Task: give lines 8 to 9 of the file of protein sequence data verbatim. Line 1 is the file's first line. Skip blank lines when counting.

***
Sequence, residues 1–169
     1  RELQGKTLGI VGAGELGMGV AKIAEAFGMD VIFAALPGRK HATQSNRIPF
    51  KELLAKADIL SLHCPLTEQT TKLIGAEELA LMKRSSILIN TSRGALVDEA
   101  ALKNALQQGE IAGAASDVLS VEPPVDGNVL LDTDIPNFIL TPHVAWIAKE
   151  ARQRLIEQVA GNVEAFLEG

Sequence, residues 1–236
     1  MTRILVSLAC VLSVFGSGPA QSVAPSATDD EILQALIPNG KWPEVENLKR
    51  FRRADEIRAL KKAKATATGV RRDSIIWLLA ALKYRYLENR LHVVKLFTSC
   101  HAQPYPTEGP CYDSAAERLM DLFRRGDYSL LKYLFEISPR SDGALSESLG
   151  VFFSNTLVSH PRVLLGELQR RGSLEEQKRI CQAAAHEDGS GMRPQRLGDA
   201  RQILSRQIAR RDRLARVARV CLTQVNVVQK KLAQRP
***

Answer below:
    51  FRRADEIRAL KKAKATATGV RRDSIIWLLA ALKYRYLENR LHVVKLFTSC
   101  HAQPYPTEGP CYDSAAERLM DLFRRGDYSL LKYLFEISPR SDGALSESLG